By / Jul 27

The economic effects from COVID-19 will reverberate for many years, and communities of color will feel them most powerfully. The Washington Post reports that 20% of Latinos—the highest reported demographic—were furloughed or laid off during the national quarantine. 

The Post also reports that 6 in 10 African American and Latino households said they didn’t have enough savings to cover three months of living. And while the government swiftly implemented the CARES Act to provide immediate economic assistance to American families and small businesses, even a few thousand dollars—the most a family could receive—doesn’t last long in the face of joblessness. Undocumented immigrants—a group of over 10 million people, according to Pew—were not eligible to receive funds at all.

At a time of intense national crisis, faith-based and secular nonprofits alike are demonstrating their value for those with nowhere else to turn. These entities offer Christians a collective way to care for those in need effectively and well. 

The Path Project

The Path Project, a Georgia nonprofit focused on helping children in low-income communities, wanted to help the families of the children they served and began reaching out to parents with obvious financial needs in the midst of COVID-19. 

“It was such an incredible blessing,” said Angelita Salgado, a single mother of five who received financial assistance from the Path Project, in a phone interview. “It’s hard to understand how someone could give so much and not expect anything in return.”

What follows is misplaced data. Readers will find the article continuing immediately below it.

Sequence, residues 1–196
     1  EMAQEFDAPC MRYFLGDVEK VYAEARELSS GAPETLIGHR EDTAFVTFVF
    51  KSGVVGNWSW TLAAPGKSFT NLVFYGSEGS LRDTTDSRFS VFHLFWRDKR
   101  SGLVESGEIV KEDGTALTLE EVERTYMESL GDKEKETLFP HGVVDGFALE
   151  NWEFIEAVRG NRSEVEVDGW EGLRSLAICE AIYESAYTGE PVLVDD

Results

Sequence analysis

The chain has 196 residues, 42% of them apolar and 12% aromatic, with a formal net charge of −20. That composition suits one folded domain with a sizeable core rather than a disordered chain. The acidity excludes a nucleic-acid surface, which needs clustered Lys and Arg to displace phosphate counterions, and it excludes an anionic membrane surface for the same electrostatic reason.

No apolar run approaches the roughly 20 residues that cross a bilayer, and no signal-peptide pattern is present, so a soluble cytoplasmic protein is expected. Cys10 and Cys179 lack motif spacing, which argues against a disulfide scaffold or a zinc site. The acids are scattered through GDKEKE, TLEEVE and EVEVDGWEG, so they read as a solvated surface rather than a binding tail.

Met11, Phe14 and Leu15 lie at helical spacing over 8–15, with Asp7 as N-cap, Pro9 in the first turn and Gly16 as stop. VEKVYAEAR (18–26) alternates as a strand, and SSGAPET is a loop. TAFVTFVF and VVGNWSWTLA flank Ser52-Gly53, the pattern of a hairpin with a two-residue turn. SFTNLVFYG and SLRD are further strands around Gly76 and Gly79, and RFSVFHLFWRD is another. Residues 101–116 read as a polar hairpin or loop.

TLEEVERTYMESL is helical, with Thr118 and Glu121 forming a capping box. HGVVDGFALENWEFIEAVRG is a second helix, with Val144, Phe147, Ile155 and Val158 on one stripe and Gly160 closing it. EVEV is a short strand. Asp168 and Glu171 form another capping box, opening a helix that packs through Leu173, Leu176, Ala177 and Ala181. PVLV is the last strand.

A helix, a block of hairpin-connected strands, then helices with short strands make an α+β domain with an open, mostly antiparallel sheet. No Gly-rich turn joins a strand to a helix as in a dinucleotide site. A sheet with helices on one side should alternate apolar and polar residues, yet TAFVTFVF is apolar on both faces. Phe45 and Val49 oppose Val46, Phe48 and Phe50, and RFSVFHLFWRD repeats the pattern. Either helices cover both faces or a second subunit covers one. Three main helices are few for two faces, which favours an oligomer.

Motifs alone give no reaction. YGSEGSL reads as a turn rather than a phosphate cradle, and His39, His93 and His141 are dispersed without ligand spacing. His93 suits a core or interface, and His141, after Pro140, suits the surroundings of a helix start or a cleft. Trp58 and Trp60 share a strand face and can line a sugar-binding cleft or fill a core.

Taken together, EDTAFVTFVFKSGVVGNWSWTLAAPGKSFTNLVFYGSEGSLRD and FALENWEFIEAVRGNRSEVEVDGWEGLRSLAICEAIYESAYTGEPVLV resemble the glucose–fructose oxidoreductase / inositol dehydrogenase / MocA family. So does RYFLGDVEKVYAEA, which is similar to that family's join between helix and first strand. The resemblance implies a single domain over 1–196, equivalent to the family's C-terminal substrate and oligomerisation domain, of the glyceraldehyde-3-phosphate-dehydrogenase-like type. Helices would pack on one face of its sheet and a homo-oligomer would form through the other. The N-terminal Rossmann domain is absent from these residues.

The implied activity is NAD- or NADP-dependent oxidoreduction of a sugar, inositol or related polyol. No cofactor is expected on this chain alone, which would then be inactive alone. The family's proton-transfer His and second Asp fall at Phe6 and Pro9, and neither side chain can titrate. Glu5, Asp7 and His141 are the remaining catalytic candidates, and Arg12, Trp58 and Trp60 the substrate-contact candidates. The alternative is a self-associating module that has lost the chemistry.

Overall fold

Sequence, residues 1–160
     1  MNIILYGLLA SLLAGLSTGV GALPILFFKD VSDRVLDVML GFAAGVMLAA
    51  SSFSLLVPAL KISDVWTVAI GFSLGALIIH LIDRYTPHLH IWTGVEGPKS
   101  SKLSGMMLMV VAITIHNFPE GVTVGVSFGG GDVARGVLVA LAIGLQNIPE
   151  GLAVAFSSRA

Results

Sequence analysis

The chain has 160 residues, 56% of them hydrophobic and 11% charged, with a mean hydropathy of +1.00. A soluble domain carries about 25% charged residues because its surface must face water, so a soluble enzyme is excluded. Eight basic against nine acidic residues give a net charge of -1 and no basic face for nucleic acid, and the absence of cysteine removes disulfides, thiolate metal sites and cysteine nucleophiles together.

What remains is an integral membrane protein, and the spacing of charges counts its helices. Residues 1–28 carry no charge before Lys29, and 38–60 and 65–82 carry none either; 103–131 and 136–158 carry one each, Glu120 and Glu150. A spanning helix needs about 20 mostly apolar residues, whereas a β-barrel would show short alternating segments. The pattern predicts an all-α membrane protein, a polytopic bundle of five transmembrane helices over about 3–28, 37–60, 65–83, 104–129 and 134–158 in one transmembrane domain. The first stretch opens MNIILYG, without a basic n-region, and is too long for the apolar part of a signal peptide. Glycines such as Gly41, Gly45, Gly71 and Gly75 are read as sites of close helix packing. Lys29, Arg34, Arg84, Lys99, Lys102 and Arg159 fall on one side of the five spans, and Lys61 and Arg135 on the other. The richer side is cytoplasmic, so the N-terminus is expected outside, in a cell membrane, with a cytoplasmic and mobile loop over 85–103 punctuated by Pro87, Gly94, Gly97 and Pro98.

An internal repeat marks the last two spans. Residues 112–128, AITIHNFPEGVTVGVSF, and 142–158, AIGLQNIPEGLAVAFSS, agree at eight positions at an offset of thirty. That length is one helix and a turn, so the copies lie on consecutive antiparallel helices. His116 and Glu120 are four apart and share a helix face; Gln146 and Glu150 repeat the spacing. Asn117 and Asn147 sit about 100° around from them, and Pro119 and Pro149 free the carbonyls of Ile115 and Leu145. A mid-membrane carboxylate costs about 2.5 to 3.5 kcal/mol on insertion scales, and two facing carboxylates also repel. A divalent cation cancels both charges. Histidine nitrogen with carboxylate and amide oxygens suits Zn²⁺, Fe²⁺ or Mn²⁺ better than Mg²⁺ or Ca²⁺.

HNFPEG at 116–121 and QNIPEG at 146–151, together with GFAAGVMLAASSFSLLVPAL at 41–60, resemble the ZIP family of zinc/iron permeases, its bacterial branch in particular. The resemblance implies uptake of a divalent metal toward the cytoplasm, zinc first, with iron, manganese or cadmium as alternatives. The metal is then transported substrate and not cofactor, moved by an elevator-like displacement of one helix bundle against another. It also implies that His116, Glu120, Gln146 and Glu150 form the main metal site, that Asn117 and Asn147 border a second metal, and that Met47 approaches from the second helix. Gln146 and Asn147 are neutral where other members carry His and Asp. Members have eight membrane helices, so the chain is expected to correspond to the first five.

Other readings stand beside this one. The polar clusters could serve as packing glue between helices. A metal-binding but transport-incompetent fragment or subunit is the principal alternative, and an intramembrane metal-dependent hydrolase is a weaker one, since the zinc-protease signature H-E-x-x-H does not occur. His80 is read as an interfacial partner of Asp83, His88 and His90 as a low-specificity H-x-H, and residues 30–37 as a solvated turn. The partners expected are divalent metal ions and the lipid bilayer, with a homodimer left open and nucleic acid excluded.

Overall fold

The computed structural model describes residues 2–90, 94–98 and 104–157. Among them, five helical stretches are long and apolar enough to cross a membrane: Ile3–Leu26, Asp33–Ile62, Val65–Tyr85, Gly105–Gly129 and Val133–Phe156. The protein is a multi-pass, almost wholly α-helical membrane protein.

Salgado is back to work part-time now, but covering the costs required for a family of six is substantial. In addition to the financial aid, she is grateful to the Path Project for offering her children laptops to finish out the school year with e-learning and providing educational resources and support for her family for the past seven years.

Ninety-five percent of nonprofits worldwide say they were affected negatively by COVID-19, but charities like the Path Project continue to work tirelessly with the resources they do have. Regardless of plunging contributions, nonprofits are less limited than government in their ability to help those locally in need, by raising money for specific needs quickly if necessary.